Methods: Organisms were collected at eight sites on Tijuana Slough: the mouth of the Tijuana River, the Headwaters, the bridge at Dairy Mart Road, Hollister Bridge, Sunset Avenue, South Beach, Grove Road, and Reem Air Field and at four sites on in Sweetwater Marsh: Gunpowder Point, the mouth of the Sweetwater River, Paradise Creek, and F&G Marsh. Organisms collected included invertebrates, plants, fish, and birds. The invertebrates collected were razor clams, yellow shorecrabs, ghost shrimp, mud crab, fiddler crab, African clawed frogs, striped shorecrab, and mussels. The plants collected included water hyacinth, brown algae, Sueadea, spikerush, Fundulus, cattail, pickleweed, and bullrush. The fish collected were mosquito fish, California killifish, longjaw mudsucker, sailfin molly, mullet, goby, Pacific staghorn sculpin, and topsmelt. The birds collected were coot liver, wigeon liver, black-necked stilt liver, and clapper rail egg. The organisms collected were tested for the following contaminants: polynuclear aromatic hydrocarbons (PAHs), Polychlorinated biphenyls (PCBs), Dichlorodiphenyltrichloroethan (DDT), Dieldrin and Endrin, Arsenic, Cadmium, Chromium, Copper, Lead, Mercury, Nickel, Selenium, and Zinc.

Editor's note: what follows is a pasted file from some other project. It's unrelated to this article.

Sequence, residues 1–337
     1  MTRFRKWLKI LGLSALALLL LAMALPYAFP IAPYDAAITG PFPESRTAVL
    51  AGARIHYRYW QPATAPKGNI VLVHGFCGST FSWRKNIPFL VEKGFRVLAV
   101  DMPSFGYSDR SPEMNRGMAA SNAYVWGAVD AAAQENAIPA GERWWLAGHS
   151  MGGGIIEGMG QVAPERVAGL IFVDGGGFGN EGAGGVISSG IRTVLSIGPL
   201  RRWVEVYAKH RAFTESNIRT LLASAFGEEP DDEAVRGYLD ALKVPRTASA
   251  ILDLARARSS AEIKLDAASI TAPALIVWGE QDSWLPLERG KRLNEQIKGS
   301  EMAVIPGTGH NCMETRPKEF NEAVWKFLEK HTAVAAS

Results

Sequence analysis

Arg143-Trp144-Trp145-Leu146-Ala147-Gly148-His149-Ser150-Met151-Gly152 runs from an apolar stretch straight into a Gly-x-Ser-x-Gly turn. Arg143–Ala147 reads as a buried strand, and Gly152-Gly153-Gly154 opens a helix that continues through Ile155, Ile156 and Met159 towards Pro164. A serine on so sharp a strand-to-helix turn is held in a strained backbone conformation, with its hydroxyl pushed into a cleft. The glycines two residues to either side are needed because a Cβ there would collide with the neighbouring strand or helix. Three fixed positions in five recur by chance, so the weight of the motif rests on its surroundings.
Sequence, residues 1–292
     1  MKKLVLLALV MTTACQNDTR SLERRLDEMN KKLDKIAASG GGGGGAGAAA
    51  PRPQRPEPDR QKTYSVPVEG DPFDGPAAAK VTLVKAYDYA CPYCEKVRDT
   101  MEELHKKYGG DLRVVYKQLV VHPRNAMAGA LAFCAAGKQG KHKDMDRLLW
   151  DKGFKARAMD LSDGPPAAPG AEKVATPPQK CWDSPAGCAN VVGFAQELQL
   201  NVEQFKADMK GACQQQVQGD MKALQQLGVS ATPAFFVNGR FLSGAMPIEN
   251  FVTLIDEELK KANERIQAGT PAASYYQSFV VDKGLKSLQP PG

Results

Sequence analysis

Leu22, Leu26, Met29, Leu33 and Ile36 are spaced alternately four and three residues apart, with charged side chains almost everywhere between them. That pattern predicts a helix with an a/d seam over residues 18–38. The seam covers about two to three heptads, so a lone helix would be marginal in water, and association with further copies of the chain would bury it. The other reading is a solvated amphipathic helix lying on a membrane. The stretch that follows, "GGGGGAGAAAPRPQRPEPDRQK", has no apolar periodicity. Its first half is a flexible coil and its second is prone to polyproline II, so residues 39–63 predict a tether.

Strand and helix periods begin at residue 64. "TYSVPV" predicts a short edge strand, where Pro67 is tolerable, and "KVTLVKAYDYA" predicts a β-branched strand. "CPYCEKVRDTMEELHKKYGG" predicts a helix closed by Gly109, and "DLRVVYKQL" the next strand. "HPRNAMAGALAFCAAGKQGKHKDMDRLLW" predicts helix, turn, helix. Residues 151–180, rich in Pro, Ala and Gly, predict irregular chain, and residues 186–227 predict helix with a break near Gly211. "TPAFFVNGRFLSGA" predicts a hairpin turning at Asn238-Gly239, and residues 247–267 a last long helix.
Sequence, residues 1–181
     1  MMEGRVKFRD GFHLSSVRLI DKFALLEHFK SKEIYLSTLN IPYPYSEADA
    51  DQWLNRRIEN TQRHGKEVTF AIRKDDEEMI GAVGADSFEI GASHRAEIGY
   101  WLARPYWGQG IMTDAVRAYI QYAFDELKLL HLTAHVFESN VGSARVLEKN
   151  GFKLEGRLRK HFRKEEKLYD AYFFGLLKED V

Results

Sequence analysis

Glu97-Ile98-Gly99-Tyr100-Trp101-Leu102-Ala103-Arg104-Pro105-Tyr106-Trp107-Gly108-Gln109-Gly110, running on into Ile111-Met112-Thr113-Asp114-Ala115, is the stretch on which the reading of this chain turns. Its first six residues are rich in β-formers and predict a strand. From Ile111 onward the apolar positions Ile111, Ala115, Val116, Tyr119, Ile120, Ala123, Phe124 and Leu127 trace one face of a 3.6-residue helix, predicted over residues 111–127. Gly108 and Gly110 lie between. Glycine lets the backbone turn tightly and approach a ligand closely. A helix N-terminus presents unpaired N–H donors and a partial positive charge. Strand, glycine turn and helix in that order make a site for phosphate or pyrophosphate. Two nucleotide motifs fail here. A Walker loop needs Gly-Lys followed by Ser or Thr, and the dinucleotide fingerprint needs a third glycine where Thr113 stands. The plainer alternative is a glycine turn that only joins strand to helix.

Results and discussion: Most organic and inorganic compounds tested were found to be below threshold levels in the various plants, fish, sediments, birds, and invertebrates sampled. However, a few compounds were above threshold levels and should be considered when evaluating the overall contamination of the two sites. The following inorganics were found to be above low effect thresholds (the sediment concentration indicating a level of contamination that has the potential to affect some sensitive benthic organisms) in the sediments at Tijuana Slough NWR; cadmium, chromium, copper, mercury, lead, nickel, and zinc. Only zinc exceeded the level above which adverse effects are likely, so the impacts of these elements on the biota are not likely to be major. The organic compound p,p'DDE was found to be above NST ERL levels (the concentration below which adverse effects are seldom expected) and was equal to the ERM (the sediment concentration above which adverse effects are likely) concentration in 1989. These concentrations could also have moderate levels of effects on biota. Based on the concentrations found, minor to moderate impacts to benthic invertebrates are possible. The only organic to exceed the low effects threshold for Sweetwater NWR was p,p'DDE in 1992. The organics and inorganics in invertebrates at Tijuana Slough were all within the known acceptable level. At Sweetwater NWR total PCB and copper concentrations in invertebrates were above dietary thresholds for birds, so additional monitoring is necessary to determine if the potential for impact exists. The organics and inorganics in plants collected at Tijuana Slough were also all within acceptable bird dietary threshold levels. At Sweetwater NWR copper was below levels toxic to plants in 1989, but above levels in 1990. Impacts on plants due to copper toxicity include induced iron chlorosis, thick roots, and the inability to put forth new roots. There were no detectable organics in the plants collected at Sweetwater NWR. The plant samples were also analyzed in consideration of their being food resources for birds. Lead was below the acceptable dietary threshold for birds in 1989, but above it in 1990. In the fish at Tijuana Slough, zinc was found to be slightly elevated above the normal level each year. This can have an impact on growth, reproduction, and survival of the fish. Fish were also examined as an important dietary resources for birds, and it was found that all organics and inorganics were within acceptable threshold levels. At Sweetwater Marsh NWR zinc was found to be above normal threshold levels in all four years sampled. Only birds from Tijuana Slough were collected and their liver tissues were sampled for contaminants. Selenium was found to be above the level identified for reproductive impairment in 1987 and 1988.